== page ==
Inulin consumption also allows for a greater absorption rate of magnesium and other minerals. It also helps with the creation of short-chain fatty acids (good fats). These good fats are associated with reducing the large intestine's pH levels, allowing effective calcium absorption.
It may help protect against certain illnesses and diseases
Inulin plays a role in supporting and protecting our bodies against certain intestinal diseases and illnesses. Studies(7) suggest that Inulin supports barrier function and increases the presence of beneficial bacteria that help fight against unwanted pathogens by not allowing them to colonise, resulting in a healthy gut.
Consuming Inulin also increases the frequency in which your bowel movements occur, and in turn, helps prevent constipation. Which is one of the reasons inulin consumption can positively affect people suffering from Irritable Bowel Syndrome (IBS). This is because Inulin stimulates both peristalsis and bowel motility.
It may help with heart health
Heart conditions are some of the leading causes of death globally; This is why looking after your heart's health is crucial to a longer life. Fortunately, looking after the health of your gut may also benefit you here.
Having a healthy balance of bacteria can help your heart health(8). A diet filled with sugar-laden and processed foods can put stress on your heart and can also mean your body may not have the necessary nutrients. Adding Inulin to your diet may help to reduce cholesterol which is essential in preventing cardiovascular disease. By eating a healthy diet and consuming the right supplements, you can avoid a lot of conditions. Having a stable and balanced daily prebiotic (Inulin) intake is a fantastic start.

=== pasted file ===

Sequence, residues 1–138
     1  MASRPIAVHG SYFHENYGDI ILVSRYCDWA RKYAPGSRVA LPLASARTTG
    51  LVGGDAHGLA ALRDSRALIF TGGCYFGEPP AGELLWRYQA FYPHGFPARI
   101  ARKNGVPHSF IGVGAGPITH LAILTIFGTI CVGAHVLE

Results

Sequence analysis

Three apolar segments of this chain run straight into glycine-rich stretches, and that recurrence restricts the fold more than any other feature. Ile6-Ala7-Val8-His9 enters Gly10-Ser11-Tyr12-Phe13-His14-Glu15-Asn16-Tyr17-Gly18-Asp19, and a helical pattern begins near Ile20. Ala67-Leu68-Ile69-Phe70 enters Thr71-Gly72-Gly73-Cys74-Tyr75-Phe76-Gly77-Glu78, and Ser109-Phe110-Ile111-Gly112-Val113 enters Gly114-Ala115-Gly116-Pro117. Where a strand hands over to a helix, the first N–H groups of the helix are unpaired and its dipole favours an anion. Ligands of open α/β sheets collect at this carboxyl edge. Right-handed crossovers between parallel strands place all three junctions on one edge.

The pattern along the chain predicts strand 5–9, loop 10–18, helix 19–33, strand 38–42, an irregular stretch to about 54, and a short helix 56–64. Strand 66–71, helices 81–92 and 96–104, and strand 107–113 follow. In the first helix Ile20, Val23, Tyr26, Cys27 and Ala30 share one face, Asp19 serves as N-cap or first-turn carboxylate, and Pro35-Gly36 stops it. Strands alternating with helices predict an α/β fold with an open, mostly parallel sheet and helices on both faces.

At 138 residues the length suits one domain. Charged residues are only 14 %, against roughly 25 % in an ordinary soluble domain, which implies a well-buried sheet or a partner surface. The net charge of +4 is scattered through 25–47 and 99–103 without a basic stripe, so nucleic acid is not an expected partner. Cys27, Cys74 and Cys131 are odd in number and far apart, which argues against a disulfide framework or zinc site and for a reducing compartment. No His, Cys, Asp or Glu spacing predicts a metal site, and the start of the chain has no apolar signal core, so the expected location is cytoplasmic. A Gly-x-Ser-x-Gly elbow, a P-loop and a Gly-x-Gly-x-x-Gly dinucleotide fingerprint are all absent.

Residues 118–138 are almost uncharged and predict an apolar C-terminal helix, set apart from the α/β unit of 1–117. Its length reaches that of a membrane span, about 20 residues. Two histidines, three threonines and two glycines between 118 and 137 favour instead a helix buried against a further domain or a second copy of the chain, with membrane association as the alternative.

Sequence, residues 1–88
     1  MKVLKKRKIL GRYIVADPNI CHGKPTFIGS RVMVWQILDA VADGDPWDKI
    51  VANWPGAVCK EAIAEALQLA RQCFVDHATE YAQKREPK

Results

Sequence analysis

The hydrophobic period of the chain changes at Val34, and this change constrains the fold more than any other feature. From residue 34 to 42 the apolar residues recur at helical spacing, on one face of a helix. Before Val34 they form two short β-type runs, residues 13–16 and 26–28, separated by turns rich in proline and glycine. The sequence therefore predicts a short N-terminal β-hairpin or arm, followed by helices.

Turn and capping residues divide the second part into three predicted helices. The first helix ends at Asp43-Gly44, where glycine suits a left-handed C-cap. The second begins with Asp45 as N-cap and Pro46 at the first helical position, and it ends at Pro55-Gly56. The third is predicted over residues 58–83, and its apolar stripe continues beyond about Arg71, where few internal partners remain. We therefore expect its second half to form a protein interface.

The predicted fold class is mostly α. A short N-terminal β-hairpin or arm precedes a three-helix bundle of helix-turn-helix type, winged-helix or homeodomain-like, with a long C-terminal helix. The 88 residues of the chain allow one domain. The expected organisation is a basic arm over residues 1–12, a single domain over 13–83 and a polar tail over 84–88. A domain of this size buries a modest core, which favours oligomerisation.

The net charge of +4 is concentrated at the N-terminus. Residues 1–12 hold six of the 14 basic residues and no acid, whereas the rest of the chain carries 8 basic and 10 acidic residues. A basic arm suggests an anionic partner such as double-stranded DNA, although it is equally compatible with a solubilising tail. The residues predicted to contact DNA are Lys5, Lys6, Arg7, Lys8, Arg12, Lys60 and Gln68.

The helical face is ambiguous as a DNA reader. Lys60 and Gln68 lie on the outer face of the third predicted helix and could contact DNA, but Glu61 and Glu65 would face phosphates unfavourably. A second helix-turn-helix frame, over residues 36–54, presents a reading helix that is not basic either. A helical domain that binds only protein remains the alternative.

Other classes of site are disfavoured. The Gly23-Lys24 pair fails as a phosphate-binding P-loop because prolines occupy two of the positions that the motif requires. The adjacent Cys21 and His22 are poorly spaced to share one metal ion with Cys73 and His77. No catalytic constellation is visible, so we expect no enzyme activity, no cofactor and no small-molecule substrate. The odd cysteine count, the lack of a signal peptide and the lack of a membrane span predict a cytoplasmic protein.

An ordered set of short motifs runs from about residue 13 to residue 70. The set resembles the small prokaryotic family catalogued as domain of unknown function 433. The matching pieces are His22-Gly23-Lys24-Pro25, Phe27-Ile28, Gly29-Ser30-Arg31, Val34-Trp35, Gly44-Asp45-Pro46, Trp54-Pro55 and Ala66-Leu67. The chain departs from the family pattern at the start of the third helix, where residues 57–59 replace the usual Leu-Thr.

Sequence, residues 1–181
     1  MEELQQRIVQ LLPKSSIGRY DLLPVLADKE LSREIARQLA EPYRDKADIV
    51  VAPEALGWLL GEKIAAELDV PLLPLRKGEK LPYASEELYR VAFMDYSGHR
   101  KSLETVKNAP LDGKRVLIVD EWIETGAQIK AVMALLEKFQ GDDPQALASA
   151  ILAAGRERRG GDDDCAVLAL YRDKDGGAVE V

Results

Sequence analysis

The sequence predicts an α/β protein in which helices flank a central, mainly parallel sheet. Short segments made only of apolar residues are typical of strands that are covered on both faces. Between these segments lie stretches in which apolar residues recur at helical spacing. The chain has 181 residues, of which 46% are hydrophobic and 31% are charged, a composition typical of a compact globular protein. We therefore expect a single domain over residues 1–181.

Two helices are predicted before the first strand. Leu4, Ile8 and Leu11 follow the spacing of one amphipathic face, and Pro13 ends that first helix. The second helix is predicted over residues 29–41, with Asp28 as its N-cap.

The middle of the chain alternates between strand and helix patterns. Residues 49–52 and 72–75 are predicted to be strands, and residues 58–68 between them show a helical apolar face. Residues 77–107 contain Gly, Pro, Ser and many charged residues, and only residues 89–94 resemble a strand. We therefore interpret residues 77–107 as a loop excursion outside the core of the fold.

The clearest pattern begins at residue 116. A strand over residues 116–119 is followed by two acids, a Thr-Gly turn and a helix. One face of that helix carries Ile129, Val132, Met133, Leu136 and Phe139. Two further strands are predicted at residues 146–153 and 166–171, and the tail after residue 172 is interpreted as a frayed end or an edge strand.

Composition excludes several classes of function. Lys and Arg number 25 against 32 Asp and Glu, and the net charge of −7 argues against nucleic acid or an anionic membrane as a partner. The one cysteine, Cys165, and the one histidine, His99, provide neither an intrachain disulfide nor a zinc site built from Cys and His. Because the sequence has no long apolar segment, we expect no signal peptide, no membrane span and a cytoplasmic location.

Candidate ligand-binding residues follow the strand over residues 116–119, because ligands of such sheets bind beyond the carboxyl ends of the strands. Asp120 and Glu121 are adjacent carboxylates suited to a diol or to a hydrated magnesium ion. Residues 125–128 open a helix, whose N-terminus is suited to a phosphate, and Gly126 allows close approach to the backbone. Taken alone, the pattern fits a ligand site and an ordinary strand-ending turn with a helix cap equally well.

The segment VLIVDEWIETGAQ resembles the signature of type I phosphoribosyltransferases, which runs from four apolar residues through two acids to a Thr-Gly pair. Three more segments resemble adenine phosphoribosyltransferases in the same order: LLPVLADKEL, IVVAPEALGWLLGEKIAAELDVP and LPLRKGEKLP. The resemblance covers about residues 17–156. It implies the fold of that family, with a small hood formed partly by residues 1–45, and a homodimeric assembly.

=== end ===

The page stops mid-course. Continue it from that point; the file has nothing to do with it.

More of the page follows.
So, overall, Inulin not only provides numerous health benefits such as lower fat storage, but it is also a worthy substitute and a healthier option to artificial sweeteners and sugar.
For more information on Inulin and how Bridget uses it in powder form, check out our blog post, 'Inulin powder explained'.
What is the best way to consume Inulin?
Inulin in the form of powder is probably the easiest way to consume the right amount of this dietary fibre as you can add it to baking, cooking and beverages.
Inulin powder can be dissolved in water, added to recipes or put in your morning coffee. But remember not to substitute it at a 1:1 ratio. It's also important to remember to moderate your consumption as Inulin can cause our gut bacteria to produce a lot of gas, which can cause abdominal pain and flatulence.
Is all inulin powder created the same?
Although Inulin is found in many plant-based foods, chicory root and Jerusalem artichoke are the most inulin-rich as they contain high amounts of Inulin. Because of this reason, it's good to consume inulin powder or an inulin supplement that's made from 90%+ of chicory root or Jerusalem artichoke.
Where can I buy Inulin powder?
If you're looking for a product that contains 100% A Grade chicory inulin, then check out our ever-popular, Pure as Inulin Powder from Bridget's Healthy Kitchen.
Our Inulin powder is:
♥ Kosher + Halal certified.
♥ Contains no GMO's
♥ Food grade
♥ Free from any harmful and toxic substances
♥ AFTERPAY available
A laboratory has rigorously tested our Inulin to ensure the integrity of the ingredient. It's also the highest grade that is available and is imported directly from Europe.
Disclaimer: This blog post is not intended to provide medical advice. All information, content, and material in this blog post are to inform the reader only. Our content is not intended to serve as a replacement for the consultation, diagnosis, and medical treatment of a qualified doctor or healthcare provider.